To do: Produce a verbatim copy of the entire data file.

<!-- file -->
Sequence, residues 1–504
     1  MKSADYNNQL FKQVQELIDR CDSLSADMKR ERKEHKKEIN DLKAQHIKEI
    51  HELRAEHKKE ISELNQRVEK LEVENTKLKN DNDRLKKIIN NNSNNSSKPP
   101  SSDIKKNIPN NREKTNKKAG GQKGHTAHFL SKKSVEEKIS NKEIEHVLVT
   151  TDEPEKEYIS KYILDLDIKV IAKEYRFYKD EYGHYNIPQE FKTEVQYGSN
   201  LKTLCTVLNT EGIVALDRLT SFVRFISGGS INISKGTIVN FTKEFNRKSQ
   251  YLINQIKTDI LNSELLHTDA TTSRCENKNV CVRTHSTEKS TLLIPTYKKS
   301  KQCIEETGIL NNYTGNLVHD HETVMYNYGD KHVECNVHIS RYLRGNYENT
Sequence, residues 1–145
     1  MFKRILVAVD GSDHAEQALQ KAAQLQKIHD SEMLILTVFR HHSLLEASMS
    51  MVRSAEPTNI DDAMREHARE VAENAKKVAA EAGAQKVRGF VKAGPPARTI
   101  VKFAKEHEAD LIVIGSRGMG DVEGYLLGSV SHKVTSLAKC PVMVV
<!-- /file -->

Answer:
Sequence, residues 1–504
     1  MKSADYNNQL FKQVQELIDR CDSLSADMKR ERKEHKKEIN DLKAQHIKEI
    51  HELRAEHKKE ISELNQRVEK LEVENTKLKN DNDRLKKIIN NNSNNSSKPP
   101  SSDIKKNIPN NREKTNKKAG GQKGHTAHFL SKKSVEEKIS NKEIEHVLVT
   151  TDEPEKEYIS KYILDLDIKV IAKEYRFYKD EYGHYNIPQE FKTEVQYGSN
   201  LKTLCTVLNT EGIVALDRLT SFVRFISGGS INISKGTIVN FTKEFNRKSQ
   251  YLINQIKTDI LNSELLHTDA TTSRCENKNV CVRTHSTEKS TLLIPTYKKS
   301  KQCIEETGIL NNYTGNLVHD HETVMYNYGD KHVECNVHIS RYLRGNYENT
Sequence, residues 1–145
     1  MFKRILVAVD GSDHAEQALQ KAAQLQKIHD SEMLILTVFR HHSLLEASMS
    51  MVRSAEPTNI DDAMREHARE VAENAKKVAA EAGAQKVRGF VKAGPPARTI
   101  VKFAKEHEAD LIVIGSRGMG DVEGYLLGSV SHKVTSLAKC PVMVV